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Retail FX sales: The size of the market

The retail FX market has seen an incredible increase in trading volume. The latest data from the largest global market survey indicates retail accounts for nearly $20 trillion in annual flow, or around $80 billion a day.

List of categories included in the full 2008 FX poll results 

A lot has been written about the emergence of retail players in FX; there has been much conjecture about how many platforms now exist to cater for this audience; there is plenty of discussion about the size of this particular market segment. All of this information is buried somewhere in Euromoney’s FX poll data.

There is a category for FX platforms so, in theory, the information should be easy to access. This year, there were 224 votes from so-called FX platforms, accounting for $12.5 trillion of annual flow. Most of this business is spot. Assuming that around one-third of the total reported volume of $175 trillion was spot suggests that retail now accounts for around 21% of this market segment.

Unfortunately, these figures could be inaccurate because many of the self-labelled FX platforms are nothing of the kind – the voters have simply filled in the wrong category. By removing those who are not platforms, the number falls to ‘just’ 124 and turnover drops to $10.5 trillion. But to confuse matters further, around 20 platforms voted in another category – non-bank market participants. These 20 players accounted for a further $9.4 trillion of flow, suggesting that retail accounts for annual flow to the banks of nearly $20 trillion, or around $80 billion a day.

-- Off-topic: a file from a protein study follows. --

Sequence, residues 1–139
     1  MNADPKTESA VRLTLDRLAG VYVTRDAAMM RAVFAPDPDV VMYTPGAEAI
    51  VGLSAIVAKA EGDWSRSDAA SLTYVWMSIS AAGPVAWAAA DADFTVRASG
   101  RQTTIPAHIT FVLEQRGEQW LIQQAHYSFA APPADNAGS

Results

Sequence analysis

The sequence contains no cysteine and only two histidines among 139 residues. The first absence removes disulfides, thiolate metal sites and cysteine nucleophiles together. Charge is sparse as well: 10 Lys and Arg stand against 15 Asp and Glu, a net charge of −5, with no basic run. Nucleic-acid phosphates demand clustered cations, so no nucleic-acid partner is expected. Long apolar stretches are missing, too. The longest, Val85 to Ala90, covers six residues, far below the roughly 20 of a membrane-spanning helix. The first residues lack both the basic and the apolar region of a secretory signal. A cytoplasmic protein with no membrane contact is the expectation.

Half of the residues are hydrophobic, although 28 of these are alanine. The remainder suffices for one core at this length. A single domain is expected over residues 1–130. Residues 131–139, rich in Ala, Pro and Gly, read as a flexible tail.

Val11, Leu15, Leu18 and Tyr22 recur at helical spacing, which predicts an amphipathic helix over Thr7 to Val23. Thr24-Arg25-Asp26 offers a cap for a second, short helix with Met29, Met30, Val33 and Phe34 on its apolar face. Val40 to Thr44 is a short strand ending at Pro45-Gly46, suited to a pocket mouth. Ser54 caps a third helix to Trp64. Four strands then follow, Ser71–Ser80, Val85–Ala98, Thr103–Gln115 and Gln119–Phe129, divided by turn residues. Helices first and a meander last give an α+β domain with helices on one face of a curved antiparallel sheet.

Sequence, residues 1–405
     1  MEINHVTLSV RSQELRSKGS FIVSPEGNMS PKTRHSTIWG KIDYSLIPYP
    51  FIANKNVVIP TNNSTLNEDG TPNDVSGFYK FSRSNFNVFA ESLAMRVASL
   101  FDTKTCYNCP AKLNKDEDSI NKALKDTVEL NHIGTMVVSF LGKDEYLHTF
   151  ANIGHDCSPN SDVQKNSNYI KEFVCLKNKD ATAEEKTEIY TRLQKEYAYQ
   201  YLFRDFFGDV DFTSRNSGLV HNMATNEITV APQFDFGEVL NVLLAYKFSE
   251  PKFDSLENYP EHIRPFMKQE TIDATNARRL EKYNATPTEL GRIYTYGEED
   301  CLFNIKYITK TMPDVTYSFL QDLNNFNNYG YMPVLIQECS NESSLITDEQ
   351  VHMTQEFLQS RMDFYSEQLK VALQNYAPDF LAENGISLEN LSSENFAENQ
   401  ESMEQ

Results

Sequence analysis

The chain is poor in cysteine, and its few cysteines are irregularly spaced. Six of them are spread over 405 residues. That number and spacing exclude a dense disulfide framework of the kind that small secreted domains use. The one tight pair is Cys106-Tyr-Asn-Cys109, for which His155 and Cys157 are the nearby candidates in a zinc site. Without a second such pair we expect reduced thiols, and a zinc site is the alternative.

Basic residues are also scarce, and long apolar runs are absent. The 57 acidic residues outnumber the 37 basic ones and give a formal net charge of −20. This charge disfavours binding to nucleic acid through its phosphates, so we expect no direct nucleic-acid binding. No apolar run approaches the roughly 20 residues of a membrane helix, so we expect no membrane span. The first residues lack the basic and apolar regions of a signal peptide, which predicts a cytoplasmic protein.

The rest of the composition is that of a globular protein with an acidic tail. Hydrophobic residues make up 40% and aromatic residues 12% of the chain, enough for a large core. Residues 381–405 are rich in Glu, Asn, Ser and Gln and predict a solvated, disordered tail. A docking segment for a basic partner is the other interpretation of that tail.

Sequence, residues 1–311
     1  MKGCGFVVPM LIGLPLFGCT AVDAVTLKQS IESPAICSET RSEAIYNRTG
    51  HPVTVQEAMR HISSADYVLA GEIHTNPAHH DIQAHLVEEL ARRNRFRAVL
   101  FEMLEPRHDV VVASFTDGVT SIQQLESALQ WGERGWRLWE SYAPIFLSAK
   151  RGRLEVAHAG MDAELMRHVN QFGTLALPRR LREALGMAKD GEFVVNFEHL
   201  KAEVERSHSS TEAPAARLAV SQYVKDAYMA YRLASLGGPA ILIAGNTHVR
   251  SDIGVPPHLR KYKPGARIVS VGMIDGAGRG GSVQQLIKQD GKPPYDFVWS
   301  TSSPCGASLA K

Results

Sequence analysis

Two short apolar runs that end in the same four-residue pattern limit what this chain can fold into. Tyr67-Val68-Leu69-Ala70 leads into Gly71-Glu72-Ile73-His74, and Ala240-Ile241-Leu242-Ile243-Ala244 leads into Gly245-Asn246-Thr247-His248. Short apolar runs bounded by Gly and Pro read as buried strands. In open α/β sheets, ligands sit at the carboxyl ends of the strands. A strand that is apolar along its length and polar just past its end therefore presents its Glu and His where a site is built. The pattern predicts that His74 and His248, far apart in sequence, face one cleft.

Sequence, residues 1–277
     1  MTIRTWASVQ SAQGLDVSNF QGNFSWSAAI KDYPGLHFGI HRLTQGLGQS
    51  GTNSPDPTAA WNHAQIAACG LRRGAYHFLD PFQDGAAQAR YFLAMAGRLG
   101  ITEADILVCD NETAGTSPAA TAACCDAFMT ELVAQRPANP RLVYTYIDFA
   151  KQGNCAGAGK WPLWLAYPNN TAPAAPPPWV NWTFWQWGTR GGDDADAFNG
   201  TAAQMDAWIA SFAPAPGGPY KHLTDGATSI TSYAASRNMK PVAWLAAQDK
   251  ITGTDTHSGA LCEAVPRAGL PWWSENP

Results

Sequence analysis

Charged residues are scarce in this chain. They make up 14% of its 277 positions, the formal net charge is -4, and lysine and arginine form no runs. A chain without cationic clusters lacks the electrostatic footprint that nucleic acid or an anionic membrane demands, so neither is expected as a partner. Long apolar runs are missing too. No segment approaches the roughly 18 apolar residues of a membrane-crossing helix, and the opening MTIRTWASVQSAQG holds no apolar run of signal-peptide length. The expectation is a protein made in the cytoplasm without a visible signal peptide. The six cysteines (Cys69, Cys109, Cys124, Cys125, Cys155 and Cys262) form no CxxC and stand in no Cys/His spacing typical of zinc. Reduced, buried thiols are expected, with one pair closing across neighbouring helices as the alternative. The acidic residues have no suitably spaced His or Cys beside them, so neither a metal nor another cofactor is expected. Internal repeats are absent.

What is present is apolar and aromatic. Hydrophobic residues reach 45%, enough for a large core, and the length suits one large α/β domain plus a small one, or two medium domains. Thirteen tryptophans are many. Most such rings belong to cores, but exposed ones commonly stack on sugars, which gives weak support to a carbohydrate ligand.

This number may only be a guestimate but it does have some validity. There are numerous differences in the business models of the platforms – some seek to internalise flow, while others push it straight through and either charge an explicit commission or add a spread. Also, there really is no such thing as a clearly defined retail sector. Many of the platforms service institutional clients and, increasingly, high-net wealth individuals. The lines have become so blurred that some banks are examining the feasibility of providing multiple APIs to single firms to try and make a distinction between what is considered benign and toxic flow.

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